The 28th (North Gloucestershire) Regiment of Foot is the second of the British in Egypt infantry to pass through the uniform store and the first in this collection in the stovepipe shako. As my good friend Lawrence reminded me the 28th had a unique honour: at the Battle of Alexandria the French cavalry succeeded in breaking through the British lines, reformed behind the 28th and began to charge while the 28th was still heavily engaged to the front. Hurriedly the order was given for the rear rank to face about and fighting back to back the regiment successfully defended itself. For this action the regiment was accorded the right to wearing the regimental number on both the front and the back of the shako.
The second piece off the painting table this weekend is the first of the artillery. Listed as "Foot Artillery firing 6 Pounder in Mother Shipton hats", this set has a unique gun. To prevent the wheels sinking into the desert sand the gunners tied staves from wooden barrels to the wheels.
A second gun set, this time in cocked hats, is assembled an ready for work.
Wednesday, 14 March 2018
Yesterday saw the first unit completed for the British in Egypt project.
While I don’t plan to follow a specific order of battle for this project, I do nonetheless plan to create an approximate historical force insomuch as I intend to create a Guards Brigade, Moore’s Brigade as it stood at Abukir Bay, most of the Emigre units will form a command, plus another brigade of three battalions. The Guards and Moore’s brigade will have a historical context, but the rest will just be a collection of battalions that take my fancy and grouped as I like.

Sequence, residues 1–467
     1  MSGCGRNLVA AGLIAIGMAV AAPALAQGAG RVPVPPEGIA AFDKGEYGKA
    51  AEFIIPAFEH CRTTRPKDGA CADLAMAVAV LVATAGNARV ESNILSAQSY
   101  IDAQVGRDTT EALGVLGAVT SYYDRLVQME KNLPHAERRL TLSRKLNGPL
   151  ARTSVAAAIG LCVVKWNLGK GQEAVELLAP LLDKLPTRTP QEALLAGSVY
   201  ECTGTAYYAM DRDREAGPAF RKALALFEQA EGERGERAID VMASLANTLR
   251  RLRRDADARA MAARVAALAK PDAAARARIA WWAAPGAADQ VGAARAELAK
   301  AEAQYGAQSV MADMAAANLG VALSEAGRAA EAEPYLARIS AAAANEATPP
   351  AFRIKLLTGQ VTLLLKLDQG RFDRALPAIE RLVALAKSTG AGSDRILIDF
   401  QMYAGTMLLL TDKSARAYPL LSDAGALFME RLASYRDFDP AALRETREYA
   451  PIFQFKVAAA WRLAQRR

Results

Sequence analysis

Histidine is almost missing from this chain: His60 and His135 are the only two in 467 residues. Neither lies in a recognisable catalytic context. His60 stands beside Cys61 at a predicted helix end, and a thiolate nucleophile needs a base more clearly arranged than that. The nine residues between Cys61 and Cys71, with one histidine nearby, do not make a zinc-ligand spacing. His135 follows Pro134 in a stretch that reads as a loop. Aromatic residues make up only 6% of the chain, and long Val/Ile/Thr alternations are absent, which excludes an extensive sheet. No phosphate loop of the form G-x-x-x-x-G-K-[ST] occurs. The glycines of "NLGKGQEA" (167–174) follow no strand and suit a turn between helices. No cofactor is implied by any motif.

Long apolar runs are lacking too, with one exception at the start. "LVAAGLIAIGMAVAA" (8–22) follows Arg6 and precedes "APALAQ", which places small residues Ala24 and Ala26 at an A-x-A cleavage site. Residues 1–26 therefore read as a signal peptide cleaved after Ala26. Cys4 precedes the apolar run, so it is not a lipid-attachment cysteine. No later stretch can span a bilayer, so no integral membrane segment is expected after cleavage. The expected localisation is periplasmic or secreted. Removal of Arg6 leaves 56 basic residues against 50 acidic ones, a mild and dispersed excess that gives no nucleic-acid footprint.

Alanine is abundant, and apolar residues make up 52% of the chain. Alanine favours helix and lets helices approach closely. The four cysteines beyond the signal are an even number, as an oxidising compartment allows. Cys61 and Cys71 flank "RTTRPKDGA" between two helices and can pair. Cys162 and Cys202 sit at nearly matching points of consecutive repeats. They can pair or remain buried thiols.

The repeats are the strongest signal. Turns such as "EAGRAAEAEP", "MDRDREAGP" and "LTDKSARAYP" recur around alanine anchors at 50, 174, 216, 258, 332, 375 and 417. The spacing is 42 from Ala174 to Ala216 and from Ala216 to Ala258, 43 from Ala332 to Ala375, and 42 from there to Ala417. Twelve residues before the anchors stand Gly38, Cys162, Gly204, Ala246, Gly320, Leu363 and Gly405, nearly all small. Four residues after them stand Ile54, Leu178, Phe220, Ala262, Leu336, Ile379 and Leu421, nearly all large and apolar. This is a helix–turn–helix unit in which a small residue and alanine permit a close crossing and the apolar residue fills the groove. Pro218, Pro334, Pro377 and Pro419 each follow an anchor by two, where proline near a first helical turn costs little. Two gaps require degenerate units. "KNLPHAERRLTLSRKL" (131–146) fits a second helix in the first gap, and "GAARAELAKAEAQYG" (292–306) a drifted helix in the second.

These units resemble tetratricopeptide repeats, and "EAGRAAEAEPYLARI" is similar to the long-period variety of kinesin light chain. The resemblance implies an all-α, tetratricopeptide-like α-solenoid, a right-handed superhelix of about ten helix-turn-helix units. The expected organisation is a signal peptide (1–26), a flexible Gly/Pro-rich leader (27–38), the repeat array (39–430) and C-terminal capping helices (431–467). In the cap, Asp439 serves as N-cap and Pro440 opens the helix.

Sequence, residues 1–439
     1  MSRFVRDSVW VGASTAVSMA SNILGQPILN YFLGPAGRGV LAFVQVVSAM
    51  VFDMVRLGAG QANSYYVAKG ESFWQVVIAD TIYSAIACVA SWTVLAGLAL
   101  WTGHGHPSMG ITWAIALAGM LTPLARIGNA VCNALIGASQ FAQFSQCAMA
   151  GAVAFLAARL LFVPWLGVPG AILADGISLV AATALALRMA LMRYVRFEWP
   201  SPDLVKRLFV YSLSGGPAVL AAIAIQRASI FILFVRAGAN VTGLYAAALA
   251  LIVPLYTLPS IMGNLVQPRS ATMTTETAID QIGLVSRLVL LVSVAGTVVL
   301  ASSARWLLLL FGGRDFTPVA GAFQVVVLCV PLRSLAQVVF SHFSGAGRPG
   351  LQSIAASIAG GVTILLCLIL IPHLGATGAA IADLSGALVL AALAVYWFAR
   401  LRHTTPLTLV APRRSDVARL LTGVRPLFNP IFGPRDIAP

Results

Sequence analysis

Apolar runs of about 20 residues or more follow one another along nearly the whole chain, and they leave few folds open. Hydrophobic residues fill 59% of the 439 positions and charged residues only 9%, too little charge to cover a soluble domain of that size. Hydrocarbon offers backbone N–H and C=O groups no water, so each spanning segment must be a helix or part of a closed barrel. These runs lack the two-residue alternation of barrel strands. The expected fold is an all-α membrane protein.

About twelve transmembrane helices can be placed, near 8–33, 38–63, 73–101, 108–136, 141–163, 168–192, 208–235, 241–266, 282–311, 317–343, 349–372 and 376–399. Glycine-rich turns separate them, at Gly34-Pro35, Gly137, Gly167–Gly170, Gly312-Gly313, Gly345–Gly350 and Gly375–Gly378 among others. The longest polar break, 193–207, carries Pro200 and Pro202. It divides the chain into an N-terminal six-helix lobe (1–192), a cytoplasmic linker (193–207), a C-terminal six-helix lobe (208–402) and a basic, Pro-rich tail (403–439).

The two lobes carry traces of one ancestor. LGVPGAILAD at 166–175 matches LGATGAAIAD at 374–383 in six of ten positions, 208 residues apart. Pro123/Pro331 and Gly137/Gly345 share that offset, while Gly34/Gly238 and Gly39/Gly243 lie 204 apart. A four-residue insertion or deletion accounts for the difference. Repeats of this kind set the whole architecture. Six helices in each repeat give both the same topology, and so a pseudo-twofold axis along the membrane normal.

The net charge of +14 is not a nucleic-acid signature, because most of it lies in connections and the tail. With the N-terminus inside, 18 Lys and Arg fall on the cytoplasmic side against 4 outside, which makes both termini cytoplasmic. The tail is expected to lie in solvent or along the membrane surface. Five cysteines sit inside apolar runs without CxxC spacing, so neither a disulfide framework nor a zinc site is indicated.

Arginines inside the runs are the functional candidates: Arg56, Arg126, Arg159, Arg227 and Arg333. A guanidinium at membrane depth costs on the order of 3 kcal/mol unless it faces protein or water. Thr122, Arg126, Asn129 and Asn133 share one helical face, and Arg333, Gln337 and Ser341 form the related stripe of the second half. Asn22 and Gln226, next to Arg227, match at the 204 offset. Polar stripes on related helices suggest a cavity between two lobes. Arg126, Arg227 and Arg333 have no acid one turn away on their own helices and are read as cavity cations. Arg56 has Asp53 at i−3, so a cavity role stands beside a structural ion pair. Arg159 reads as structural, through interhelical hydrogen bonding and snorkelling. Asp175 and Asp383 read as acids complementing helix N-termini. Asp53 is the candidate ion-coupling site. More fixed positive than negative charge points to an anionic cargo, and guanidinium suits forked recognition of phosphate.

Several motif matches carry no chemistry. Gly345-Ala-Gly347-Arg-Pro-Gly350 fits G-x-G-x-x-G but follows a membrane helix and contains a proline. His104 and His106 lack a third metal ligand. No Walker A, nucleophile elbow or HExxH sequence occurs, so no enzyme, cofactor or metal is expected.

The first unit out of the uniform store is the 58th Rutlandshire Regiment. This unit was part of Moore’s Brigade and I chose to do it first for two reasons: first because the facings are black that it made for a useful exercise in figuring out how to paint the cuff lace; second because there is a New Zealand connection.
For this regiment I chose the figures with the round hat, because I like the figures. I am pleased with the unit. The figures a full of character, I am just a little uncertain of how the sergeant with the half pike will survive and the shaft of the half pike is very thin – I have put him in the middle of the stand with the hope that the flanking figures will protect him.
This army will be a mix of round hat and stovepipe shakos and the next unit be in the latter.
Saturday, 10 March 2018
This week sees the completion of a number of 1812 French items.
The first are a pair of cuirassier regiments, the 8th and 10th. These two regiments round out the heavy cavalry component of the 2nd Cuirassier Division from the Borodino order of battle.
The 8th Regiment
Since I have a bit of time today, I felt a parade was in order so here are all six regiments, two carabinier and four cuirassiers. The divisional horse artillery (two batteries each) and the lancer squadrons (one per division) are yet to be completed.
Also finished this week are the dismounted versions of the two dragoon regiments I have done. I had posted an image of the dismounted unit of the 7th Dragoons, without its officer. Here is the completed unit.
The completion of the cuirassiers and dismounted dragoons has seen a number surplus figures that are destined to be couriers or ADCs for the French 1812 generals that will be ordered in a few months time.
The French in 1812 will take a back seat for a while now, since two good sized parcels for the British in Egypt project arrived on Tuesday afternoon.